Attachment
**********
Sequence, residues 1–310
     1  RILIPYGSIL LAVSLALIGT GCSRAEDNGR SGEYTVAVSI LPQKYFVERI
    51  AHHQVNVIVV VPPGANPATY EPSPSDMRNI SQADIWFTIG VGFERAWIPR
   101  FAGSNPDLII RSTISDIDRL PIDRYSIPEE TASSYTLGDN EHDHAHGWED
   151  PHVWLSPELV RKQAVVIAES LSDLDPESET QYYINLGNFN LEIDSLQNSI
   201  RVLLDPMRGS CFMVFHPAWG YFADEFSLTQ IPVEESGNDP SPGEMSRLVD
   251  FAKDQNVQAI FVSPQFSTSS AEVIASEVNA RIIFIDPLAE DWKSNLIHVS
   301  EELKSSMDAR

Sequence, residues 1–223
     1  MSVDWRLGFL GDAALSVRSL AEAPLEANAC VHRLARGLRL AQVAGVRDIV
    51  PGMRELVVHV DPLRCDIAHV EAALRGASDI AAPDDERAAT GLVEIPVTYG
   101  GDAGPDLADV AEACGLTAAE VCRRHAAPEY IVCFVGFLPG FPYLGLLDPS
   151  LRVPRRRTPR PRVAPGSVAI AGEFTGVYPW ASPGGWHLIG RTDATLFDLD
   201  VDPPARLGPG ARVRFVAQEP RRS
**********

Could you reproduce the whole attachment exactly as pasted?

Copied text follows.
Sequence, residues 1–310
     1  RILIPYGSIL LAVSLALIGT GCSRAEDNGR SGEYTVAVSI LPQKYFVERI
    51  AHHQVNVIVV VPPGANPATY EPSPSDMRNI SQADIWFTIG VGFERAWIPR
   101  FAGSNPDLII RSTISDIDRL PIDRYSIPEE TASSYTLGDN EHDHAHGWED
   151  PHVWLSPELV RKQAVVIAES LSDLDPESET QYYINLGNFN LEIDSLQNSI
   201  RVLLDPMRGS CFMVFHPAWG YFADEFSLTQ IPVEESGNDP SPGEMSRLVD
   251  FAKDQNVQAI FVSPQFSTSS AEVIASEVNA RIIFIDPLAE DWKSNLIHVS
   301  EELKSSMDAR

Sequence, residues 1–223
     1  MSVDWRLGFL GDAALSVRSL AEAPLEANAC VHRLARGLRL AQVAGVRDIV
    51  PGMRELVVHV DPLRCDIAHV EAALRGASDI AAPDDERAAT GLVEIPVTYG
   101  GDAGPDLADV AEACGLTAAE VCRRHAAPEY IVCFVGFLPG FPYLGLLDPS
   151  LRVPRRRTPR PRVAPGSVAI AGEFTGVYPW ASPGGWHLIG RTDATLFDLD
   201  VDPPARLGPG ARVRFVAQEP RRS